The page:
Wednesday, April 19, 2006


Sign Up Top Workers Before They're Hot

Came across an interesting book entitled: Workforce Crisis that provides case studies and "best practices" for undertaking workforce analysis...

The current shortage of IT graduates is getting worse in America. The perfect storm of baby boomer retirement and a deficit of young workers means the situation is poised to go from bad to worse unless enterprise architects start thinking on better ways to solve this problem.

Right now, enterprise architects who aren't capable of thinking but only in following have embraced the notion of outsourcing where the idea is to seize the opportunity to capture young folks in other countries. This approach is doomed to fail in the long run and is somewhat racist in its approach.

Thinking back to when I was 21 and all of the wonderful things I wanted to do, having the opportunity to choose between working for a global consulting firm travelling to see lots of different businesses, working for an Internet startup where I could bring my dog to work, working for a large software company such as Microsoft, or working for a large Wall Street firm where I could get started on a career path where I could become VP by 26 all seemed appealing. Many Fortune enterprises though have never really indexed themselves against the opportunities offered by others and only compare themselves to their verticals.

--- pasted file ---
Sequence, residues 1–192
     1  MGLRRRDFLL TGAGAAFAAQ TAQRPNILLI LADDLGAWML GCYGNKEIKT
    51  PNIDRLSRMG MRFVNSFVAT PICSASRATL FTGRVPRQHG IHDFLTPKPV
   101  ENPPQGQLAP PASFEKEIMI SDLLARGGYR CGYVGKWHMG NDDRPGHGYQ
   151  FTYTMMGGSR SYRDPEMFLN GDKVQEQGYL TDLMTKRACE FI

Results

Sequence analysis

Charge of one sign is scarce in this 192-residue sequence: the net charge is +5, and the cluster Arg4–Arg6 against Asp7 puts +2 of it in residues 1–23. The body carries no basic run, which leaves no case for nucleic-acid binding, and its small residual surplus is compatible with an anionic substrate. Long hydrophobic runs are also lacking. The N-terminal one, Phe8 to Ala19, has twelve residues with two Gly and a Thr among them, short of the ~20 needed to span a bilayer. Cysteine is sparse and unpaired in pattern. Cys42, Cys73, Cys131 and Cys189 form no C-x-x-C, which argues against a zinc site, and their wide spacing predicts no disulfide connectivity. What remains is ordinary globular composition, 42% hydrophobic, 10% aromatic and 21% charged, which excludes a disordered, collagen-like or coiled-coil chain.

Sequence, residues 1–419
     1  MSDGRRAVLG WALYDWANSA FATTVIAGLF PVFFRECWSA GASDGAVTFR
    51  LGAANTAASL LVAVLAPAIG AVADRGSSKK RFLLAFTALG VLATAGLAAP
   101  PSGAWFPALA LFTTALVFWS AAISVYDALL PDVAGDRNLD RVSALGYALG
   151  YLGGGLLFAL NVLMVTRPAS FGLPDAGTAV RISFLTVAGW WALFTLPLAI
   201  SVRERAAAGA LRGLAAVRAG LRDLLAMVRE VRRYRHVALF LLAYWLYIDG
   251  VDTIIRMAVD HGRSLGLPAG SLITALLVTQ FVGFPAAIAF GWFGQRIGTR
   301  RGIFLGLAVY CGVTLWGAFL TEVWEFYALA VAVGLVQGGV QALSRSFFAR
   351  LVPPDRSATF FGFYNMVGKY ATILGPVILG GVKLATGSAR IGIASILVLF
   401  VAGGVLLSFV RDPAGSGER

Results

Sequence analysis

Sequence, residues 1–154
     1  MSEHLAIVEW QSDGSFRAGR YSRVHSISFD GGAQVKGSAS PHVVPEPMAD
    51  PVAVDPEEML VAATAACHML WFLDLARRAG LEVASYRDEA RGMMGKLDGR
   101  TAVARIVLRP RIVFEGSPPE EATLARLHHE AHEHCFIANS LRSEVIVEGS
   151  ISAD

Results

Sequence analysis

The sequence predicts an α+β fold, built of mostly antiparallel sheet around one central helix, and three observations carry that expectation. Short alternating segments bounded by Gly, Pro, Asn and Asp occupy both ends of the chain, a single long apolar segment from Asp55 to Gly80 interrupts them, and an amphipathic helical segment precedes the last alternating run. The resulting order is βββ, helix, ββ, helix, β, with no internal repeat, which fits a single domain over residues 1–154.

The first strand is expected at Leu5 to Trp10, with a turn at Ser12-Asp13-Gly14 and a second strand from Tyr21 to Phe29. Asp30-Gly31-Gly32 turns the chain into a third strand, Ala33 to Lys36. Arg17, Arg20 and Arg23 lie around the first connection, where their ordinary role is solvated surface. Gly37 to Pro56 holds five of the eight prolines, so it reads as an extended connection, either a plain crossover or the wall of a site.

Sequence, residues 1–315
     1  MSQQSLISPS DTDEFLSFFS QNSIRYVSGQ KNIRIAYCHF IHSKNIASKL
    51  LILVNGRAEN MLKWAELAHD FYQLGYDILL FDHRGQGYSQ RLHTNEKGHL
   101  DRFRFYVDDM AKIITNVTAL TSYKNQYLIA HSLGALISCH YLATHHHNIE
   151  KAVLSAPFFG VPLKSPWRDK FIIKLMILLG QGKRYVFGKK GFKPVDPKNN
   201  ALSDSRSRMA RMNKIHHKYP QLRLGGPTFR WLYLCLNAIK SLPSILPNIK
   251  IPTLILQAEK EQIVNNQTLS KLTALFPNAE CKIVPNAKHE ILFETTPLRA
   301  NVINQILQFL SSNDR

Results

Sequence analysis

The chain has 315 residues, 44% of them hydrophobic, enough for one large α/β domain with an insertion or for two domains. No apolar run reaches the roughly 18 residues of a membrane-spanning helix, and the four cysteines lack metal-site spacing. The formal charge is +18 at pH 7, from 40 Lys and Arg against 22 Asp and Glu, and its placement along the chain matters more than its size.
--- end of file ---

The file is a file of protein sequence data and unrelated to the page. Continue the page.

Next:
Is it really sustainable if your particular vertical can't hire locally yet also offers work that is analogous to watching paint dry to offshore workers? Sure, us enterprise architects have a duty to keep up morale and make things sound more attractive than they really are but do we also have a duty to index ourselves and the career opportunities provided against other verticals?

I think there is another answer that needs to be considered. I previously mentioned that several IT professionals from local companies after hours tutor local kids from the community on various computer skills. One student in particular (his name is Charles) is in tenth grade and knows Linux cold. He knows how to write C code, compile kernels, etc. The main problem though is that a tenth grader doesn't have a resume. I wonder what would happen if the HR folks didn't screen on resumes but instead simply allowed him to interview?

Taking this thought one step further, what if HR folks didn't sit on their butts waiting for resumes to cross their desk and instead actively recruited IT folks before they became hot. In our town, the Warhawks Football program is a dynasty and makes it to the State tornament pretty much every single year for the last fifteen. There are college scouts checking out our Freshman program. Why can't HR work in this fashion?

The enterprise that figures this out first wins...

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